Ecstasy and Agony ( The Agony and the Ecstasy ) is ahistorical American film directed by Carol Reed , released in 1965 .
It stars Charlton Heston as Michelangelo and Rex Harrison as Pope Julius II .
The film tells the story of the sometimes tense relationship between Michelangelo and Julius II at the time when the artist painted the ceiling of the Sistine Chapel . On this point, it differs from Irving Stone ‘s novel, which tells the story of the great painter’ s life.
In 1508 , Pope Julius II chose Michelangelo to decorate the ceiling of the Sistine Chapel, which has just been inaugurated. He begins by refusing, giving as reason that he is a sculptor and not a painter. He fled to Florence but, finally, we managed to convince him to get down to work and he left for Rome . After a while, he does not like what he does, destroys all his work and leaves. The pope manages to convince him to return by giving him carte blanche for his work.
Michelangelo decides to illustrate different scenes of the Bible . His painstaking work spans months and years, and the pope is growing impatient. The arguments between the two men become more and more difficult; even the architect Bramante comes to criticize the work of the artist.
At the same time, the painter Raphael is painting The School of Athens . Soon, Michelangelo falls ill. Furious, the pontiff pretends to hire Raphael to finish the job. Encouraged by the Countess de Medici , Michelangelo returns to complete his work. Then the war breaks out. Rome is threatened by the enemy army. Julius II falls ill and is unable to take the lead of his troops. Michelangelo then threatens not to finish his work if the pope does not get up.
In 1512 , the ceiling is finally finished, Michelangelo and Julius II contemplate the work.
- Title: Ecstasy and Agony
- Original title: The Agony and the Ecstasy
- Director: Carol Reed , assisted by Robert D. Webb
- Scenario: Philip Dunne , based on Irving Stone’s novel , The Agony and the Ecstasy
- Photography: Leon Shamroy
- Sound: Carlton W. Faulkner
- Special Effects: LB Abbott
- Music: Alex North and Jerry Goldsmith (prologue)
- Costumes: Vittorio Nino Novarese
- Editing: Samuel E. Beetley
- Production: Carol Reed , for International Classics and Twentieth Century-Fox Film Corporation
- Budget: $ 10 million (estimated)
- Country of origin: United States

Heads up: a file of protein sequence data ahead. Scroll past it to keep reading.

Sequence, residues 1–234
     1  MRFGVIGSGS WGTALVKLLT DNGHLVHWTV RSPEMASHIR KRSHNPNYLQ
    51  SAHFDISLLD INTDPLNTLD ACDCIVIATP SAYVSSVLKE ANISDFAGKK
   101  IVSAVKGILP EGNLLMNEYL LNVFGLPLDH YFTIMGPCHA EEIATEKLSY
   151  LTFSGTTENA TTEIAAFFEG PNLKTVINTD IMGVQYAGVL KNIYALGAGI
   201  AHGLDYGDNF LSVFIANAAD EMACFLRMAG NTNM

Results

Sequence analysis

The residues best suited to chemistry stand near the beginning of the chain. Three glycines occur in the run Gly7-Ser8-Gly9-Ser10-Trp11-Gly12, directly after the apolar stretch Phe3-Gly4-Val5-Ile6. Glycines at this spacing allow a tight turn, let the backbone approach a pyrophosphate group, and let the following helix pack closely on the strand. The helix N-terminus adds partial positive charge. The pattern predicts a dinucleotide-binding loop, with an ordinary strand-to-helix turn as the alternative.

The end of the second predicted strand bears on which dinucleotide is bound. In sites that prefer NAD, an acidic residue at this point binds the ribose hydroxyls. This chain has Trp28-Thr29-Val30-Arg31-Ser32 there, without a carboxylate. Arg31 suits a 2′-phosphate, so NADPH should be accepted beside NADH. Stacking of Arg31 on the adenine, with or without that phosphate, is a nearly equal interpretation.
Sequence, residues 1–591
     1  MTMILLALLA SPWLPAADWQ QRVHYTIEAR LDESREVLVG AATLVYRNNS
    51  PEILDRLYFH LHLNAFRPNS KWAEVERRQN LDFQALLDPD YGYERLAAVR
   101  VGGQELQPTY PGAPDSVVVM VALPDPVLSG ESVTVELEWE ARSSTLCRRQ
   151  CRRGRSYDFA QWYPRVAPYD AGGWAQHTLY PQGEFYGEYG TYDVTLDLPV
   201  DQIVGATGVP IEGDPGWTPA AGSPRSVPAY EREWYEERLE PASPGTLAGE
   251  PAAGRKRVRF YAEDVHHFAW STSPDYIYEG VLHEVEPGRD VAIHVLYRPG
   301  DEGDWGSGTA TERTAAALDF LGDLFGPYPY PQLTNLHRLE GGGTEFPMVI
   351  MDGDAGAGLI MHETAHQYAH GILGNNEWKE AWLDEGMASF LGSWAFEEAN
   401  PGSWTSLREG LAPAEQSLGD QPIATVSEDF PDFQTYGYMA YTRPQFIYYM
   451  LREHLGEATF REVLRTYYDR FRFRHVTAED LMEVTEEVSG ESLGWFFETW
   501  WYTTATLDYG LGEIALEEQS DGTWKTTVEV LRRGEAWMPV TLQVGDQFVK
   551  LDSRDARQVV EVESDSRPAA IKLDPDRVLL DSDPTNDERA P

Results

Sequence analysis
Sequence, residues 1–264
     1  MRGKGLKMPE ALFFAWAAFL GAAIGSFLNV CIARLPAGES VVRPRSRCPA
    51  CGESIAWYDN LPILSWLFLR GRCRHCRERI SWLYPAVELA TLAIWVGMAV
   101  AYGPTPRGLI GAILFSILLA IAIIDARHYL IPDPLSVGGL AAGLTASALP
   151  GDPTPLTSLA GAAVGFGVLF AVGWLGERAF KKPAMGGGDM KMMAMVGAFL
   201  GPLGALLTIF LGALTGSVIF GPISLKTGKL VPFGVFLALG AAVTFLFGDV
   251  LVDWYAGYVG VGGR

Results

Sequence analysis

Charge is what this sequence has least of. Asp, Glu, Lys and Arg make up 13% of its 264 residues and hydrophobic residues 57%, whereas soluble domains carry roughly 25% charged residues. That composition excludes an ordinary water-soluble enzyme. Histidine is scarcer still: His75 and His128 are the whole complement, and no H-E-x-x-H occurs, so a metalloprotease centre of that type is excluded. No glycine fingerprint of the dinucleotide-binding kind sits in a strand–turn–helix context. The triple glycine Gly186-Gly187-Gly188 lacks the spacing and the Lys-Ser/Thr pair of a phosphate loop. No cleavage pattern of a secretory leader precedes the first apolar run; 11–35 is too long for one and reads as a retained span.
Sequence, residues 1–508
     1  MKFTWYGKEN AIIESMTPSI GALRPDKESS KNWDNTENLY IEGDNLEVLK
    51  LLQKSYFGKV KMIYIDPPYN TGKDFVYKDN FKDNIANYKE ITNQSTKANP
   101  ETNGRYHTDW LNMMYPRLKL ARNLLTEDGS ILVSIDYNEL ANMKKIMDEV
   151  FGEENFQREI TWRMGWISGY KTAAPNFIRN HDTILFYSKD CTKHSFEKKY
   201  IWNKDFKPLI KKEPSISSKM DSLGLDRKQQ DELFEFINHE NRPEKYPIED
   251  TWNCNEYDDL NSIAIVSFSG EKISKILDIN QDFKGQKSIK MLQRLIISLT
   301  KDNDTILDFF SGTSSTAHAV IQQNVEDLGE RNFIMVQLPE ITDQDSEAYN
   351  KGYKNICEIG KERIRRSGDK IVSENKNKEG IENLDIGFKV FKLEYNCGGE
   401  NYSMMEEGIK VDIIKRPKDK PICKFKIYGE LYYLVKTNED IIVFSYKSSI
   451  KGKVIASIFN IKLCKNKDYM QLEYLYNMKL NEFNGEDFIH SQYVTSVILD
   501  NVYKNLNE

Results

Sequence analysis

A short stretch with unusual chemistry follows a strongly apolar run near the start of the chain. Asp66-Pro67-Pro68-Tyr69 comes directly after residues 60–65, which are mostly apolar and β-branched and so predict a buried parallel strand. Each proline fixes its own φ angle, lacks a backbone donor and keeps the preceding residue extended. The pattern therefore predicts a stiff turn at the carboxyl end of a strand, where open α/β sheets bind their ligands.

- Format: Todd-AO – Color (Deluxe) Technicolor – 2.20: 1 Dolby Stereo 6 tracks – 70 mm
- Language: English , Latin
- Year of production: 1965
- Genre: drama , historical
- Duration: 138 minutes (2:18)
- Release date :
- West Germany
- United States
- Charlton Heston ( VF : Jean-Claude Michel ) : Michelangelo
- Rex Harrison ( VF : Roger Treville ) : Julius II
- Diane Cilento ( VF : Janine Freson ) : Contessina of Medici
- Harry Andrews ( VF : Marcel Bozzuffi ) : Bramante
- Alberto Lupo : Duke of Urbino
- Adolfo Celi : John of Medici
- John Stacy : Sangallo
- Tomas Milián : Raphael
- Fausto Tozzi ( VF : Henri Djanik ) : the foreman
- Venantino Venantini : Grassi’s Paris
- Furio Meniconi ( VF : Claude Bertrand ) : the innkeeper
- Maxine Audley ( VF : Lita Recio ) : a woman
- Emma Baron
David di Donatello of the best foreign production in 1966
1965 Oscars :
- better color photography
- best artistic direction in color
- best suit in color
- best sound
- best original music.
Around the film
- Rex Harrison has always refused to grow beard like Julius II had one in real life. On the other hand, Charlton Heston agreed to put a steel rod in his nose to accentuate his resemblance to Michelangelo.
- The marble quarry where Michelangelo takes refuge in the film is that of Carrara in Tuscany . This is the same career that provided the true Michelangelo for his sculptures.
- The ceiling of the Sistine Chapel that we see in the film was created on a set of Studios Cinecittà in Rome .
- There is a serious anachronism in the film. On the east wall of the Sistine Chapel, you can see two frescoes painted in 1571 by Arrigo Paladeno and Matteo da Lecce . As the action takes place between 1508 and 1512, they should obviously not be visible.